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Aoutana Historical Society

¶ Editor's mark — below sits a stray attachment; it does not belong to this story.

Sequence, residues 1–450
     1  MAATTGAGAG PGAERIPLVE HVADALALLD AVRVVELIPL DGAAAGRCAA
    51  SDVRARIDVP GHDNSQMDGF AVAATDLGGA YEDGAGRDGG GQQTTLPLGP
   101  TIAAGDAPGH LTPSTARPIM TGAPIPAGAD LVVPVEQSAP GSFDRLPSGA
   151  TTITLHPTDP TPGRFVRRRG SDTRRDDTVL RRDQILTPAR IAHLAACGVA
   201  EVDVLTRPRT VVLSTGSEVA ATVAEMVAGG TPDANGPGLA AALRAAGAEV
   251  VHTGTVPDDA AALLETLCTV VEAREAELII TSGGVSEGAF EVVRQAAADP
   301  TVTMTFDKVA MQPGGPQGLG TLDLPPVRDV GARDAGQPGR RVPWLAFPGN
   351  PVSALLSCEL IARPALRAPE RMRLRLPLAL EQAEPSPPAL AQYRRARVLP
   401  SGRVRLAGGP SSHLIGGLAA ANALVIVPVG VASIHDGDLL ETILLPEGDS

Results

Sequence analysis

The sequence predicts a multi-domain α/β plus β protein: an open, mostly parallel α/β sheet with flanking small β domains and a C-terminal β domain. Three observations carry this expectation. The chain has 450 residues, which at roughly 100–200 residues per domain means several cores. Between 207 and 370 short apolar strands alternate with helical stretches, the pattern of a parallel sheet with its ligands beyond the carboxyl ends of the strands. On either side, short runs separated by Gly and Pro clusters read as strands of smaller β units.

4 T PRICE 10 CENT LIVINGSTON. MONTANA. SATURDAY. DECEMBER 1. 1888. NO. 27. VOL. <>. jjVlNftSTOJL * MONTANA. sE 0 . 5 . WEIGHT. - Fublidfaer. ^TlIRnAV. DECEMBER l, 1888. ^ mcTIoN KATES—PAYABLE IN A1IVANCB. ............$3 00 .'«■»r ....................... 1 50 .......................................... 1 00 „> months........................ _ jq -|0>EV LOANED ,\t six per,cent, per annum. VllEKICAN BUILDING AND LOAN * ' Association. Ai'TiionisKi) Capital, $50,000,000. . h r.MiVEit, President. " fl \Cm Thompson, Vice pres t of local board. monev on town and farm property, interest ; at six per cent per annntn. r , ,.. rmP and applications apply to SAVAGE A ELDER, Attorneys and Agents, Livingston, Mont. r^lTïïoKY, r nz Ittoun ey-at-Law'and . N ota u y Public . tt-,11 practice in all Courts of the Territory.— m rear of National Park Ban k, Livingston, r. WILLIAMS, NOTARY PUBLIC, HOUR'S COAL MINE, Jilin* _ MONTANA. r u d ALTON. DK. W. II. CAMPBELL. LIVINGSTON, MONTANA. i n the National Park Bank building, n ;. r Main and Park street s. __ T. COLLINS, M. I). W. L 81IAWK, M. COLLINS «& SHAWK, PHYSICIANS AND SURGEONS, jvingeton, - _ Montant. i( ,„ ovor sheard's Gun Store, Park street, t ails promptly answered night and day. M. BARKS, ENERAL INSURANCE AGENT, Oflice in rear of Postoffice Building, •1NGSTO N, MONTANA. ISS .JULIA WETZSTEIN, I'kacheb ok tiik Piano Forte System * r Conservatory of Music, Stuttgart, Germany. r»"Ue 'lnners and Advanced Scholars .LAN R. JOY, ATTORNEY AT LAW, notaky public. COUNTY ATTORNEY. Money to Loan. onrance and Real Estate. Sole Agent for iverside Town Lots, N, 1' Railroad Lots and N. P. Railroad Lands U. S. Land Office business a specia lty. J^R. W. C. SEULBRKDE, DENTIST, Tinanently located in Livingston Fl. r ®t operations performed, and satisfac-ion toed. Office in Krieger building, Ma in St. LUCE. JOHN A ** UCE - K & LUC la, ATTORNEYS-AT-LAW, »ZEMAN, - __ - MONTANA, ill attend the Court« of Park County. «ÜJ i SAVAGE, JOHN II. ELDER, SAVAGE & ELDER, A W VERS and Notaries Public. MONEY LOANED On Real and Personal Property. REAL ESTATE. property to sell in all parts of Livingston liions. Receive applications for K, PALACE and MINNESOTA Addition* —AND— r. p. r._Bn lots. B. S. LAND OFFICE BUSINESS, rs for filings on public lauds made. LIVINGSTON, MONT. MM OF UVIW0STON. Ml. WRICHT ( President. .THOMPSON, Vice Pres. H. STEBBINS, Cashier. , TALCOTT, Aest. Cashier. BOARD OF DIRECTORS : RIGHT. E. OOUGHNOÜR. >MI'SON GEO. T. CHAMBERS, I EGER. A W. M1LES. C. II. STEBBINS. ERAL BANKING BUSINESS TRANSACTED. ;p on all Ihe principal cities of the United States and Europe. r Allowed or TIME DEPOSITS. cTioNs Promptly Attended to. GSTON ÏUATIVE BUILDING AN© I/)AN Association »t U. Law. Sec. E. H. Talcott. Vice-Pree't Jas. McNaughtos. » s - P. Hoopes. Attorney A. R. Jor. ir meetings on the fourth Monday even »ach month, at Dodson Building, Main OHN O. SAX, PS AND FRUIT DEALER, CONFECTIONER. it eastern Dailies, Illustrated Journ URttiues always on hand. MAIN STREET. J. to of I« NORTHERN PACIFIC ■ 1 RAILROAD! MINNEAPOLIS m? 8T. PAUL JVTinnesota * jforthiatesteFn lph Red 4 KcrUriMi Kcny«» Y* Dodge C. __*ftc\d Railroad, :irp tA O Austin m Q Connection*. tcrloo^W. ^ % Indcpcndvco "» /T uLyle__V ' Xj/ % * »5 jfck Waterloo Maretialrfj U town ^ Vw Montezuma - èkaloost Hedrick ubuque Stute fJU Cen.T^M DES MIMS c h 'o orrettoo Oregon ^ B UocheU* Brf Centre T Kclthslmrj V Glenwood % PEORIA Kirksvillc V 11 neon C Sal;, Wake CcntraMa cP i f£ Mexico ton J O Wr.rrc ICAMS O Gil T.LOUIC rio»r.c« NS8S3, ST. HjAIXjFLOjAS! The direct line between SAINT PAUL, MINNEAPOLIS, Or DULUTH, And all points in Minnesota, Dakota, Montana, Idaho, Washington Territory, OREGON, British Columbia, Puget Sound and ALASKA, Express Trains Daily, to which are attached PULLMAN PALACE SLEEPERS AND ELEGANT DINING CARS. NO CHANGE of CARS BETWEEN ST. PAUL .»»PORTLAND On any class of Tickets, EMIGRANT SLEEPERS FREE. The only all rail line to the VELLOWSTOjSE PARK! Full information in regard to the Northern Pa cific lines can be obtained free by addressing CHAS. S. FEE, General Passenger Agent. St. Paul, Mini Minnesota & W orthwes tern R. R. Co. Chicago A St. Louis Short Line. The onlv line in the Northwest running Pullman s ELEGANT BUFFET SLEEPERS and com bination SLEEPING and CHAIR CARS. Popular Route to Chicago and the East. Short Line to St. Louis, Kansas City, St. Joseph, Atchison, Leavenworth, Galveston, San Frahclsco and all California points, New Orleans and Florida J. A. MacGREGOR. J. A. HANLEY, Trav. Ft. and Pass. Agt. Traffic Manager, St. Paul. Minn 10 OTHER RAILWAY IH THE NORTHWEST has in so short a period gained the reputation and popularity enjoyed by the Wisconsin Contrai Line From a comparatively un known ractor in the commercial world, it has been transformed to an independent, influential, <»rand Through Route, with magnificent denote, snpnrb equipment apd unsurpassed terminal fac ilities Through careful catwing to details, it has won for itself a repntation for solidity, safety, convenience and attention to its patrons, second to no railroad in the country. Pullman sleepers, models of palatial comfort, dining cars in which the cuisine and general appointments aie up to the highest standard, and coaches especia ly built for tins route, are among the chief elements which have contributed towards catering success fully to a discriminating public. Locateddirectlv on its line, between Minneapolis and St. P»nL and Milwaukee and Chicago, and Duluth and Milwau kee and Chicago, are the following thriving cities of Wisconsin and Michigan: New Richmond, Chippewa FaJJs, Eau Claire, Ashland, Hurley, VVis., Ironwood, Mich., Bessemer, Mich., Stevens Point, Neenah, Menasha, Oshkosh, Fond du Lac, Waukesha, and Burlington, Wjs. For detailed Information, lowest current rates, beiths, etc., via this route, to any point in the South or East, apply to nearest Ticket Agent, or address _ , Wm S. Melle». Janew Barker, General Manager, Gen. Pass. & Ticket Agent MILWAUKEE. F II. Hanson, Northwestern Passenger Agent, . 1» Nicollet House Block, Minneapolis, Minn. No THE ST. PAUL, MINNEAPOLIS & MANITOBA RAILWAY, I« the Direct and Popular Line To Principal Point« in Minnesota, Dakota, MONTANA Also to ST. PAUL and MINNEAPOLIS KT SOUTH »1 EAST. The Only Line running to the Three Great Cities of Montana, GREAT FALLS, HELENA and BUTTE. Their ..Moni.«« InneM" « «1 Ww« to jwrioj Palace Sleepers, Free"Colonist Sleepers Superb Dining Cars of latest design. "MANITOBA-PACIFIC BOUTE** t» PUGET SOUN» POINTS Affords cheaper Kates than via any other—Fa«t Time, Comfort, Courteous Attention. LAUD 2£ c » v "& 0 . r S e 'EV ;F«xmi*g,Gr«*ln* atTtomb« Lands at m __ Minne E scellent t very low k^^'d'mfïatôrabie tbnne. maps and general infonnatlcm impure of - ™«- A »s:n T .ï ÆKSjfc.. BOOKWALTER, W. S. ALEXANDER, Land Com'r. .. „ i. n w A. MANVEL, V. P- * G. M. pr For your ow J. B. C. GRIFFITH, BLACKSMITHING AH .AMP WACO^f MAKIMO. kinds of repairing done n «f t, y'J"f n p î^ ,np " jr to order. Special attention given to Shop. Lower Main Street near Billy MileeABro W ANTED.—Twenty or thirty 2- or S-ycarold heifers, for which cash will be paid. Ad dress C. S. Éldridge, care Box Miller, Gardiner, Montana. P ASTE RAGE .—The undersigned will pasture during the winter a number of horses at a reasonable price. Excellent feed and plenty of water. One mile north of stock yards. Dlvs Doucnrrr*. I jYOR SALE.— House and lot -near railroad shops; eight rooms, good hvell and cellar, and everythingin be6t of repair. Will sell cheap for cash. Address Box 90, Livingston. K OF P.—Meets every Friday^ evening In • Thompson's Hall. A cordial invitation is ex tended to visiting brothers. A. W. MILES, C. C. E. H. TALCOTT, K. of R. and S. Yellowstone Lodge No. 10, Livingston, M. T. N OTICE.—U. S. Land Office, Bozeman, M. T October 29, 1888. Complaint having been en tered at this office by LeRoy Gray against Robert L. Lee for abandoning his Homestead entry No. 534, dated July 13, 1883, upon the N. V% of S. W. % and N. l /t «18. E. *4 section 22, Township 3 North, Range 9 East, in Park County, M. T., with a view to cancellation of safd entry; the said par ties are hereby summoned to appear at this office on the 10th day of December, 1888, at 10 o'clock a. in., to respond and furnish testimony concerning said alleged abandonment. GEO. W. MONROE, Register. [1st pnb. Nov. 3,1888.] N OTICE FOR PUBLICATION.—Land Office at Bozeman, Montana, October 15, 1888.— Notice is hereby given that the following named settler has filed notice of his intention to make final proof in support of his claim, and that said proof will be made before the register and re ceiver at Bozeman, Montana, on Monday, Decem ber 3,1888, viz. : Peter J. Miller, who made pre emption I). S. No. 811 for lot No, 1, section 2, township 8, south range 7, east. He names the following witnesses to prove his continuous resi dence upon, and cultivation of, said land, viz. : Joseph Lee, Fridley, Montana; George Reeder, Andrew Pfonl and John Mulherin, Gardiner. GEO. W. MONROE, Register. [1st pub. Oct. 27,1888.]_ N OTICE FOR PUBLICATION.—Land office at Bozeman, M. T., October 15,1888. Notice is hereby givep that the following named settler has filed notice of toi« intention to make final proof in support of his claim, aud that said proof will be made lief ore Register and Receiver at Boze man, M. T., on November 21», 1888, viz. : John J. Counts, D. 8. 810, for the lots'5, fi and 7, and 8. W. H of Fctl. 8 . E. *4 Sec. 8, Tp. 6, So., R., 8 East. He names the following witnesses to prove his continuous residence upon, and cultivation of said land, viz.: William II. Lee, Daniel Lee, Hank Larsen and Herman Kahle, all of Chico, Park county, M. T. r fjEO. W. MONROE, Register. [1st puh. Oct. 30,1888.] D esert land, final proof.-notice FOR PUBLICATION.—United States Land office, Bozeman, M. T., October 30, 1888. Notice is hereby given that Herbert O. Hickox of Mel ville. Park County, Montana, has filed notice of intention ]o make proof on his desert land claim No. 204, for tin: $• E. *4 section 10, Town ship. 4, North of Range 14 East, Jjpfore Clerk of the Third judicial district, at Livingston, M. T.,on Tuesday, the lltli day of Decern be, 1888. He names the following witnesses to prove the complete irrigation and reclamation of said land: Prosper Tessier, Lynn Crist, Frank O. Maerdian and Albert Crist, all of Melville, Park Co., M. T! GEO. W. MONROE, Register the complete irrigation and reclamation of said Tv (1st Pub. Nov. 3,1888.) N OTICE FOR PUBLICATION.— Land Office at" Helen», Montana, October 26, 1888.—No tice is hereby given that the f«}}q*ii)g named set tler has fileif notic • of his intention to ritak« final proof in support of hie claim, and that said proof will bo made before the judge or in his absence the clerk of the district court in and for Park countv, Montana, at Livingston, Montana, on December 11,1888, viz.: Charles Everett, who made Homestead Application No. 2533 for the east Vi of the northeast Î4 and aast 1 j of the south east >4 of section 28, township 5, north of range 16, east. He names the following witnesses to prove bis continuous residence npon, and cultiva tion u'f,' said land, viz.: Robert Andrews, John Widdeeombe, ÖttP Maerdmn, ali of Melville. Mon tana; Brownlow T Gray, Uvih'gstdh, Montana. 8. W. LANGJIORNE, Register. 1st pub. Nov. 3,1888.] N otice to co-owner.— to d. h. Bud long or his assigns: You are hereby notified that the undersigned^ lias in accordance with Sec - tion 2324 Revised Statutes of the United Sta tee, expended in labor and improvements upon the "Chip Mnnk" quartz lode claim, which is situ ated on Sheep mountain, in the New World Min ing district, Park county, Montana Territory, one hundred dollar's fqr the vear A. D. 1887. That unless you, as co-owqaf St said quartz lode claim, pay to me your proportion of said expendi ture, to-wit: the sum of $7.86, besides cost of publishing this notice; within ninety days after the complete publication thereof, your inter est in said claim will become my property under said Section 2324 of U. S. law. Dated Septeinlier 22nd, 1888. JOHN BROWN. N OTICE TO CO-OWNER.—To Ed. F. Ferris: Yon are hereby notified that I have expended two hundred dollars ($150) in labor and improve ments upon each of the following named qnartz lode mining claims, viz.: "The Nevada King," and "The Stevens,'' all situ aterfla the Me» Wqrld mining district, county of Park, territory ol Montana, a# will'appear by cer tificates filed in the office of the recorder of said district, in order to hold the said premises nnder the provisions of section 2324 Revised Statutes of the United States, being the amount required to hold the same for the years A. D. 1886 and A. D. 1887. And if within ninety (90) days after this no tice by publication you fail or refuse to contribute your proportion of such expenditure as co-owner, viz., one hundred dollars ($100) for The Nevada King and fiftv dollars ($50) for The Stevens, your interest in said claims will become the property of thesubscriber under said section 2324. Settlement tobe made with Geo. H. Wright at the office of the Livingston Enterprise. JAMES HALL. [First pub. Sept. 1,1888. | N OTICE TO CO-OWNERS of "Elevator Lode,*' New World Mining district, Park county, M. T. To E. Sperling, two-ninths ; Louis Sper ling, one-ninth, and SiHiman & Shitar, one-third ; to their heirs or assigns, part owners in the above named mining claim. Also to T. E. Noble, half owner in the "Little Kidd" mining claim, New World Mining district, Park county, M. T.—You are hereby notified that I, Harry Gassert, have in accordance with section 2324 of the revised stat utes of the United States, expended in labor and improvements npon the above named mining claims, for the year ending December 31, A. D. 1887, the sum of one hundred and one dollars ($101) npon each of said claims. You, and each of' you, are herpby notified that unless you con tribute your proportfön qf such expenditures, ta gether with interest and costs, within ninety days of the complete service of Notice of Publication, all your right, title, interest and claim in and to the above described quartz lode mining claims will become the property of the undersigned, your co owner, who has made the required expendi ture as required by law in snch cases. H HARRY GASSERT. (First publication Aug. 18, 1888.) [No. 42.] supplemental notice of PPLIOATtON FOR PATENTr-U- S. Land __ Office, Bozeman, M. T., Oct. 4, 1888 ,—Not tice is hereby given that James B. Martin, whose S ostofflce address is Hudson, Wisconsin, has this ay filed supplemental notice of his application for a patent, under the ruling of the commissioner of the general land office, for the purpose of cor recting an error in the description of the prem ise? hereinafter described, in the original notice of said James R. Martin's application for a pat ent for sqid premises, via. ; The placer claim bearing gold (heretofore known as the "Campbell & Doty'') situate in Emigrant mining district, Park, late Gallatin, county, Montana, in sections 11 and 14, township 6, south of range 8, east (part ly surveyed), P. M., Montana, and described in the official plat and field notes on file in this office and in general land office, as survey No. 59, and as fol lows, to-wit, : Beginning at its southwest location earner, at a stone (in sftnthwest *4 said section 11) marked 1-59 for corner No. 1, from which the h section corner on south boundary of section 11. township 6 sonth, range 8 east, hears south 88 degrees, 38 minutes, 15 seconds, east 1,660 feet dis tant; the» ce south 69 degrees, 55 minntes, 30 sec ondaeast, 2,591-1 feet to a stone marked 2-59 for corner No, 2, thence north 40 degrees, 13 minutes east, 614 feet to a stone marked 3 59 for corner No. 8, thence north 55 degrees, 45 minutes west, 500 feet to a stone marked 4-59 for corner No. 4, thence south 75 degrees, 48 minutes west, 200 feet to* bonjder marked 6-69 for corner No. 5, thence north 70 degrees 10 minutes west, 2,280 feet to a g tone marked 6-59 for comer No. 6, thence eonth 11 degree, 57 minntes west, «11.1 feet to place of beginning. Corners Nos. 2, 3,4 and 5 being m northeast *4 of said section 14 (not surveyed) and comer No. 6 in southwest H of said section 11 (surveyed), magnetic variation 1# degrees east, mine is »corded In the »corder s office of Galla tin county, Montana, on page 2 of Book 9 of Min ime Claims, and transfer^ to records of Park county, Montana Adjoining claimants sre the (Hidden ft Schaff« placer on the south and east Mjflthe V. C.Tadlock placer pn tha west. All iMkons holding adverse claim* thereto are re mdred tdpresent the same before this office with Si sixty days from the «rst day of publication hereof, «* they wiUbe barred by virtue of the pro visions " ■ M,u SToi J ' V (nret E pnbUcation > hareof Oct. »1er. JTEWB OF THE WEEK. Mrs. Gen. M. T. Sherman died in New York on Inst Tuesday. Tne office of the Journal newspaper in Sidney, N. S. W., has been burned. It was the finest in Australia. The loss was about $500,000. Boulanger's wife is taking steps to ob tain a divorce. It is stated that one of the richest widows in France is willing to marry Boulanger. O'Connor, the Canadian oarsman, has defeated Teemer. He has started for Australia to compete for the champion ship of the world. Hertenstein, the president of Switzer land, who underwent an amputation of his right leg last week because of disease of the arteries, is dead. In accordance with his custom, Score - tary Whitney has presented each of the four hundred employes of the navy de partment with a large turkey for Thanks giving dinner. A panic in a St. Louis school resulting from unusual noise in the steam heaters was the cause of two of the teachers beiug severely trampled on and several scholars badly injured. Walking matches have evidently not gone out of fashion yet, as an audience of 8,000 people assembled in the Madison Square Garden in New York to witness forty-one inpn start on a six-day trump. The boss ale and porter brewers of New York and New Jersey at a meeting decided to lock out all their union men and employ non-union men. This is be cause of the continued boycott on Steven son's brewery. Henry George, in an address in London said : The grasping for land in America was rapidly making the country similar to England. He wanted to utterly abol ish landlordism, and to grant every child a share in the land. One of the most severe storms of snow and wind known for years became general oyer the proyince of Ontario Sunday evering. The wind at times blew as hard as 70 mile per hour. The streets and surrounding country are cov ered with snow drifts, ten feet in places, and the most severe cold prevails. Horse car lines here have stopped running. Forty-four people were picked up in the streets of Montreal by the police Sun day night unable to make their way through the storm, being benumbed by cold and bewildered by the - winds. Charley Mitchell, the English pugilist, who is now in Philadelphia, when shown the Bpstpp dispatch announcing John L. Sullivan's offer of $1,500 to Mitchell to stand up eight rounds in a public glove contest, said : "I don't want to take ad vantage of the man ; he is sick. He must have bad advisors. My advice to him would be to lay off for five years instead of five months, and by that time he might regain his old form. However, if he wants to have a go, I am willing to meet him, and what is more, I will give him $1 ,500 if he will stand up against me for eight rounds. General Crook was induced by tbe di rectors of the waifs' Sunday school to ad dress 1,200 street urchins at a Thanks giving dinner in Chicago. The subject qf his address was his experiences with the Indians, and the result was amusing to all, the noted Indian fighter, almost be fore he knew it, having a bad case of stage fright. The little street savages re ceived him with such paralyzing yells and other like demonstrations of deviltry that the subduer of redskins lost his voice completely and was obliged to retire to his seat, looking as fatigued as though he had just come back from a six days' fight with Gcronimo. Nevertheless the dinner was the greatest success of the kind that ever took place in Chicago. Gov. Jackson in an interview said the situation of the oyster rebellion, which confronts the state of Maryland, is this : There are 800 oyster vessels, whose crews, aggregating 5,000 armed men, are ban ded together to dredge on certain grounds and to drive off all state forces sent against them. To oppose them the state has fourteen vessels, most of them small sloops, manned by about a hundred men. We have reached the stage where this force cannot cope with the marauders, and I shall adopt measures for the en forcement of the law. I have reason to believe the secretary of war at Washing ton will grant us the use of five or six eight-pound cannons, which will be placed on the state steamers and at spots on the shore to be selected hereafter. The interstate commerce commission by Commissioner Walker has rendered a decision in the case of Slater vs. North ern Pacific Railroad company, which states : "A complaint made for the pur pose of retaliation for a fancied wrong so as to get even with tbe carrier for the revocation of the complainant's pass does not commend itself to the commission. A carrier which has conformed to the rul ing of the commission should not be prosecuted for alleged violation of the law in that respect, which has occurred before such ruling was made and under con struction of the law then approved by the carrier's counsel. Free transportation is sued in the form of an annual pass to a person not in regular ami stated service of the carrier nor receiving wages or salary under contract of employment, but re quested by him as a compensation for throwing in its way what business he con veniently could, is held to be illegal. A revolt ou the part of 2,000 men em ployed in the Turkish government trans ports, whose time has expired, has taken place. Tbe mutineers raked the fire from under the boiler of the transports in order to prevent their sailing until the arrears of their wages had been paid. The minister of war, with great difficulty, raised money with which to pay the men and the vessels have sailed. The sultan has ordered an inquiry to be made into the matter. Work lor Admission. The able ex-managing editor of the Pioneer Press is row acting as the Washington correspondent for that great journal. He has been taking a great deal of interest in the admission of the territories and in discussing that important subject in a recent letter ex presses himself as follows: My impression that the straight and speedy path to statehood for the four northwestern territories lies through strong concerted action on their part, looking to the calling of an extra ses sion of congress next March, is strength ened by the development of events. The president-elect isn't a Russian czar and can't admit territories by edict. His election has made statehood possi ble for the two Dakotas, .Montana and Washington. It remains for the people of those territories to realize the possi bilities thus opened to them. The ter ritories would do well to give their early attention to tne influential members elept of the new congress, to the hold over members of the senate and the men who are likely to mould the action of the new house. It might as well be confessed that there may be more than democratic opposition to overcome; that the eastern jealousy of western preponderance in the senate |s not dead, but sleepeth only, and that the north west may have to combat New England torpor and indifference as well as active hostility from the south. Surely these occult influences will never be weaker nor more easily overcome than at the end of a brilliant and successful cam paign in which the admission of tlie territories was a distinct party issue. It will be easier to get the territories in in March than in December. The notion for a concerted movement for an extra session on the part of the territories meets with the heart«- ap proval of such of their representatives as have visited Indianapolis, and vari ous suggestions come to me as to how it is to be worked out in detail. One sagacious Dakotan believes that the ball can be set rolling through the leg islatures of the several territories this winter; that constitutional conventions can be called early in January, organic laws framed and elections held before spring, and a U the territories present themselves at the extra session as ready for statehood as South Dakota herself. This would do very well for North Da kota, though it would be rather quick work there; but nobody here seems to know for certain that the legislatures of Montana and Washington meet this winter in regular session. Of course, if they do not, their democratic governors would never call them together in special session. For the other territories, if they have legislative sessions, the same course is open to them. If not, they can join the statehood and extra session movement by calling general conventions—either to form constitutions and provide for elections in advance of congressional authorization, or to declare the wishes of the people in resolutions and appoint delegations to go to Washington and agitate for an extra session and ena bling acts. It is suggested here that a joint convention of representatives of all the four territories might profitably be held at an early day, at some central point like Helena, to give utterance to the general voice on the subject and ap point a joint delegation to represent all the territories in Washington this winter. A London dispatch says that a boy named Husband, aged 11 year, who was first to give notice of the discovery of the boy Searl who was found dying in the streets of Havant, with his throat cut from ear to ear, ha? been arrested for the murder. The crime was un doubtedly commited in emulation of "Jack, the ripper," the chronicles of whose treacheries have incited deprav ed youth in many parts of the kingdom to an imitation of his deeds and the po lice throughout the country are thus confronted with a new problem. The Spitfield's vigilance committees organ ized to aid the constabulary in detect ing the Whitechapel murderer and pre venting further crimes has secured the approval of the police to their appoint ment of ten men each night to watch the courts and allies of the east end and otherwise act jointly with the metro politan forces. Shiloh's Vitalizer is what you need for constipation, loss of appetite, dizziness and all symptoms of dyspepsia. Price 10 and 75 cents per bottle, at the Albemarle drug store. MONTANA NEWS. The daily Item of Missoula, will res ume publication soon under the manage, ment of Keith and Stevens. The official returns now all in give Thomas H. Carter a majority of 5072 over W. A. Clark for delegate. Gov. Hauser has telegraphed somebody in Billings that trains will be running on the Rocky Foric railroad inside of two months. "Secin's believin'." The Salvation Army m Helena was ar rested, charged with being a nuisance and obstructing the streets. They were tried before a jury, acquitted of the charge and went on their way rejoicing. Bert Yaile, who is to be deputy county clerk under Jas. W. Drennan has taken up his residence in the city. He in com pany with his father-in-law Mr. Çopple, has leased the Aylsworth residence and pinning mill and will give the planing mill business some attention also. President Hill of the Manitoba railroad was in Helena last week. He said that the prospects of the Milk river country were great. Settlers were coming in rap idly and not waiting for the government surveys. Travel over his road had greatly increased since the through trains had been on. The president has directecd the new Fort Belknap Indian agency to be located on Milk river, twelve miles east of Snake river, Montana. A chauge of location was made necessary by the act of May 1, 1888, which materially reduced the size of the reservation, leaving the old agency outside of the new limits. Helena Live Stock Journal: The ex tradition papers in the case of George Godas, the Cree, have arrived from Wash ington and are in the possession of Sheriff Hathaway, who started for Edmunton, Canada, where Godas is being held. The sheriff will undertake the job alone, being confident that he is an equal to Godas and that the wily Cree cantm] elude him and escape. The papers are made out upon the governor of the province, and are signed by President Cleveland. A meeting of the Montana Agricultural M ineral and Mechanical association was held in Helena. The officers elected were the same;as last year. They me: Presi dent, A. J, Davidson; vice president, T. C. Power; treasurer, B. H. Tatem; secre tary, Francis Pope; directors, Wm. Muth, C. D. Hard, L. H. Hershtield, Wm. B. Hundley and W. A. Chessman. The meetings for 1889 will be held in July and August, the regular annual meeting announced to begin August 35th. S. A. Douglass of Helena, of the gov ernor's staff, arrived in Bozeman on Fri day night, and on Saturday morning in spected Company B. Within a few days the boys will get their annual appropria tion of $500 and very soon will come in for a share of the benefits to be derived from the national Dill introduced by Dele gate Toole, which fully provides for their equipment. At present Company li is provided with dress uniforms, sabres, belts, guns, slings, etc., and will soon pur chase a fatigue uniform.—Chronicle. Tranchant : We learn that the expense of flmning New York gulch and the flume operations ot Trout creek have cost F. D. Spratt fully $140,000. The only income this season will be from the New York gulch flume, but it is thought that next year the flume in Trout creek will have reached pay dirt and yield considerable gold. It is thought that $50,000 more will be expended in this creek before the bed rock is reached, but Mr. Spratt and his brother, who is an extensive Michigan lumberman, are willing and able to ex pend all the cash that may be required to consummate the undertaking. The annual reports of Indian agents for Montana have been received by the commissioner of Indian affairs and are partly in print. Agent Baldwin, of tbe Blackfect agency, states: "The Indians show marked progress in civilization and a desire for houses and lands to till. The Indians have built about 8,000 rods of fence, and have also had considerable amount of ground under cultivation. Agent Peter Ronan, writing from the Flathead agency, reports 2,018 Indians Maj. E. C. Fields, agent at Fort Belknap, 964 Gros Ventres and 830 Assinaboines, a total of 1,794 Indians under his care. The London mine at Neihart, which has been in litigation for the past three years has at last been patented. Work on the property has been continued in a quiet way all these years, but since liti gation commenced nothing has been known by the outside world as the mine had been under lock and key and none but the workmen allowed to enter. But since the litigation has been settled and the patent for the ground received, the lock and key has been taken off, and we learn from Captain McIntosh, »« ho vis ited it, that the lower tunnel on the mine has been run in a distance of 450 feet and that cross cuts show a solid body of galena ore eighteen feet thick. The mineral vein is traced over one-half of the claim, which is 2,300 feet. This we be lieve to be the largest body of galena ore known to exist in the country, and prom ises of its self to furnish a good carrying trade for a railroad. Its location is high up on the mountain side and can be worked to a great depth from a tunnel. Independent: Dick Barnes, one of the best known horse owners in the northwest suicided at Walla Walla last Tuesday. He had played m every thing he poss essed at faro and it in a fit of desper ation blew his brains out with a Winches ter rifle. Last season lie went the rounds of the northwestern circuit with D. K. W. and Contractor. He was one of the best known characters on the Montana turf and was a general favorite having always a good word for every one. Though never wealthy, he did well with his horses always, but almost invariably lost in bucking the tiger what he won on the turf. His horses were always in good condition and ready to start. He was over 00 years of age and was unmarried. Mr. A. McGreggor, who has by drill process ascertained the depth to bed rock in the gravel range at the head of Mon tana gulch, has determined to put a tun nel through the mountain for drainage anil to better test the quality of the vast old river bed. His iron for the entire track and other necessary machinery to successfully prosecute the work were re ceived by rail here Saturday, and on Mon day were forwarded by wagon train. Mr. McGreggor deserves success, as he is dis playing his usual energy and expending large sums of money in development, which will help many others without risk. The range is at the head of one of the richest little gulches ever worked in Mon tana, and the faith seems well founded that it should pay.— Tranchant. Last week two men found a skeleton in the cabin ot James Robinson, an old time prospector and miner in Lincon gulch, Deer Lodge county. From three missing fingers they identified the bones as the remains of James Robinson him self, who had been missing for three weeks. Some opium being found on the table near the remains, it was concluded that, as Robinson was known to be addic ted to the drug, he had taken an overdose and died alone in his bachelor abode. And the ttfficks of the mountain lions, which are numerous in and around the cabin, showed that the wild beasts of the hills had discovered the unprotected corpse and feasted themselves on human flesh leaving nothing but the bare bones in the cabin. Robinson was about 40 years old and was well known in the territory. Lewistown Argus: A prominent sheep grower of Meagher county, writing to a Helena merchant, says; "The perfidy of the Husbandman in deserting our wool interests and selling out to Clark will be remembered a long time by its be trayed patrons. No act equals it for treachery during the late campaign. Thank heaven, the electors of the county administered a crushing rebuke at the polls." It will l>e remembered that llie Husbandman editor made more noise titan a band of ewes bereft of their lambs immediately after tbe passage of the Mills bill Two column editorials were quite frequent in denouncing free wool. Some time before election the proprietors got a quieting powder of some kind and tbe moss grown concern was as silent as the abode of the dead until its issue after the contest, when it again championed the cause of the woolgrower. A Wasington dispatch states that the agricultural bureau authorized to be es tablished at the last sesssion of congress, and known as a bureau of correspondence with the agricultural stations,has been as signed to quarters in the end of the de partment building and began work under the direction of Prof. Atwater. Bulletins will be published from time to time, set ting out the results of agricultural ex periments in this country and abroad, which shall be distributed among tbe ex perimental stations. A feature of the work will be to engage tbe ablest spec ialists in tiiis country and Europe to compile articles on subjects of infor mation that may be required for general distribution whenever the importance of the subject seems to warrant tbe expense. Still another function of the bureau will be to supply congress with the informa tion that may be found necessary to aid it in legislating upon agricultural matters. Chico School Report. School opened September 3d, for a term of three months, with 15 pupils en rolled. Number of legal teaching days, 58; number of days taught, 58; total number of days' attendance, 721.5; aver age daily attendance, 12-==. The cause of the average daily attend ance being low is that one of the pupils was compelled through illness to leave school early in the term, and another left the village. Pupils neither tardy nor ab sent- -Minnie Lilly, Bert Noel, Earle Lilly and Rudolph Fuhrmann. The term closed Tuesday, November 27th. Visitors present the last day of the ses sion—John Clifford, clerk, Joseph Robins and Mrs. D. E. Lilly, trustees, Mr. and Mrs. Fulirmaun, Mrs. C. Shafer, Mrs. W. Noel, Mrs. W. D. Cameron, Chico; Mrs. Daugherty, Fridley, and Mr. Allen, Deep. Creek. Percy M. Matheson, Teacher.